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4CPS-013 Discontinuation of sodium-glucose co-transporter 2 inhibitors due to recurrent genitourinary infections
  1. M Gutiérrez Lorenzo,
  2. L Yunquera Romero,
  3. VT Lorenzo,
  4. MJMorales Lara
  1. Hospital Regional Universitario de Málaga, Hospital Pharmacy, Malaga, Spain


Background Sodium-glucose co-transporter 2 (SGLT2) inhibitors are used in patients with type-2 diabetes (T2DM), either alone or in combination with other anti-diabetic drugs, when these medicines together with exercise and diet do not provide adequate control of the diabetes. Dapagliflozin, empagliflozin and canagliflozin are the three SGLT2 inhibitors approved by the European Medicines Agency. SGLT2 inhibitors are associated with a significantly higher risk of recurrent genital and urinary tract infections (UTIs) than placebo and other active anti-diabetics, which may cause treatment discontinuations.

Purpose To evaluate SGLT2 inhibitors’ discontinuation due to recurrent UTIs, in patients with T2DM.

Material and methods A 1 year retrospective, observational study was performed. Patients with an active prescription of SGLT2 during the first 6 months of the study period were selected. Patients that interrupted SGLT2 treatment during the following 6 months were included in our study. The following data was collected: sex, age, cause of discontinuation, antibiotic and/or antifungal drugs prescribed for UTIs and duration of SGLT2 treatment.

Results Six hundred and ninety-one patients with an SGLT2 inhibitor prescription were selected, of which 17 patients (2.5%) interrupted SGLT2 treatment due to recurrent UTIs during the study period, were included in our study. Median treatment duration was 8.8 (2.2–13) months. Ten patients (58.8%) received dapaglyfozin, five patients (29.4%) empaglyfozin and two patients(11.8%) canaglifozyn. Eighty-two per cent (14) of the patients were females: mean age 63. Thirty patients interrupted treatment: 17 (2.5%) because of recurrent UTIs, 13 (2%) because of other medication-related problems. Eight patients had urinary infections, seven patients genital infections and two patients had both genital and urinary infections. UTIs were not specifically monitored during clinical trials. The only available data showed a treatment interruption in 0.7% of the patients who had been treated with canaglifozine. In our study, canaglifozine was interrupted due to UTIs in 1.6% (2/123) of the patients, dapaglifozine in 2.8% (10/351) and empaglifozine in 2.3% (5/217). Only one patient had had previous UTIs. 76.47% (13) of the patients needed antibiotic/antifungal prescriptions: 38.5% (5) fosfomycin, 23.1% (3) ciprofloxacyn, 30.8% (4) clotrimazole, 7.7% (1) fluconazole and 7.7% (1) clindamycin.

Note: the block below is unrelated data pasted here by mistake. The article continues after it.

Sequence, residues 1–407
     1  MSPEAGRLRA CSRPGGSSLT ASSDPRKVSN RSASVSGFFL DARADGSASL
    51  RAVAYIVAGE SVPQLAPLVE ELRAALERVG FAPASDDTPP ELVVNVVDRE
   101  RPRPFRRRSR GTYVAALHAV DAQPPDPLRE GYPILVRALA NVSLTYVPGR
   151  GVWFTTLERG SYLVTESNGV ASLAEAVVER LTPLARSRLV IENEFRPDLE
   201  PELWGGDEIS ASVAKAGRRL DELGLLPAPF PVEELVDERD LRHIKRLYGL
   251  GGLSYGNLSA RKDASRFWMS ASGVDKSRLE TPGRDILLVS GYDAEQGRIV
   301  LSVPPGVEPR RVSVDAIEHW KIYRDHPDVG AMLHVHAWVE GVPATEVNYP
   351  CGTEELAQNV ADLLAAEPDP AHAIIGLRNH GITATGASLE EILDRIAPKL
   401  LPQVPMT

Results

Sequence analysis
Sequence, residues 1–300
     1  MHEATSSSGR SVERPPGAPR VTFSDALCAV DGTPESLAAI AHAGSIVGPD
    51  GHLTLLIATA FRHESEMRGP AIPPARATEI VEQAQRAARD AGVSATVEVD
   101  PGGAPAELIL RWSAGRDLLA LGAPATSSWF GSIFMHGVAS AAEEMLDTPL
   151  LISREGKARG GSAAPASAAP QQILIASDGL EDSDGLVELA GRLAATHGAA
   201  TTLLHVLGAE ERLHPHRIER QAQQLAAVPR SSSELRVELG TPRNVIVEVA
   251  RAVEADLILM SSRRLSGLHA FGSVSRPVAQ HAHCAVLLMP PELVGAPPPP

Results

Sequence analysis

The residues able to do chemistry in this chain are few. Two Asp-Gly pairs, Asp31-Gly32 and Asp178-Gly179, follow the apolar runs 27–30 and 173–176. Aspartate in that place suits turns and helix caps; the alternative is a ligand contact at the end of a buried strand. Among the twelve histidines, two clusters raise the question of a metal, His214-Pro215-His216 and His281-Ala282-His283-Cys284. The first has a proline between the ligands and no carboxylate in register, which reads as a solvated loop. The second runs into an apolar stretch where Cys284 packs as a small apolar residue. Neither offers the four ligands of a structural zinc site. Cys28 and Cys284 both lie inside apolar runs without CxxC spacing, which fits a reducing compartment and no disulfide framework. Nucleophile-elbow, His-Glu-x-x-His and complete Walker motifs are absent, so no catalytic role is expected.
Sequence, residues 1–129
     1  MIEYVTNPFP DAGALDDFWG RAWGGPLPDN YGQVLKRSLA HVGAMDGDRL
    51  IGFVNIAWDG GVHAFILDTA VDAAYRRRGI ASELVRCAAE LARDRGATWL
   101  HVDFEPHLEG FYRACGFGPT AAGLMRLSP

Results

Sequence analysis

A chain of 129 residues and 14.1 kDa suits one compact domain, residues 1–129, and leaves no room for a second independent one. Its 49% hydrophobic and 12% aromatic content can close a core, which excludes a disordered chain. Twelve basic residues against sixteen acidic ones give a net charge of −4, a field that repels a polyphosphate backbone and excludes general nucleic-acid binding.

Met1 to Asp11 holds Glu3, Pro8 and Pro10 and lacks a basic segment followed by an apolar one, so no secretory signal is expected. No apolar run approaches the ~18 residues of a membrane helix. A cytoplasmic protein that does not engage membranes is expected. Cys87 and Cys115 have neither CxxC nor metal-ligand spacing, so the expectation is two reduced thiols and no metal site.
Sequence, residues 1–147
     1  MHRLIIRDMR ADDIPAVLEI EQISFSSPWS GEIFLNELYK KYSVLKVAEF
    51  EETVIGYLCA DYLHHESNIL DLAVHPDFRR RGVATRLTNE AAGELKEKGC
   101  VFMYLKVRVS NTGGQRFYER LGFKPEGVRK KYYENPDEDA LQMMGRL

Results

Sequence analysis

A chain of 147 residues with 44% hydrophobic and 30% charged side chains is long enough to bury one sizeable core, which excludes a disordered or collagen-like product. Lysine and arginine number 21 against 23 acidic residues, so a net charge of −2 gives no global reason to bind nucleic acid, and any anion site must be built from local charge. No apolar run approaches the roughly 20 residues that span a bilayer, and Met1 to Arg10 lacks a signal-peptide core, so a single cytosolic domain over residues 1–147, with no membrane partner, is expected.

Conclusion Patients in treatment with SGLT2 inhibitors have an increased risk of UTIs. Recurrent UTIs significantly impair quality of life. Personal history of UTIs should be considered before initiating SGLT2 inhibitors.

No conflict of interest

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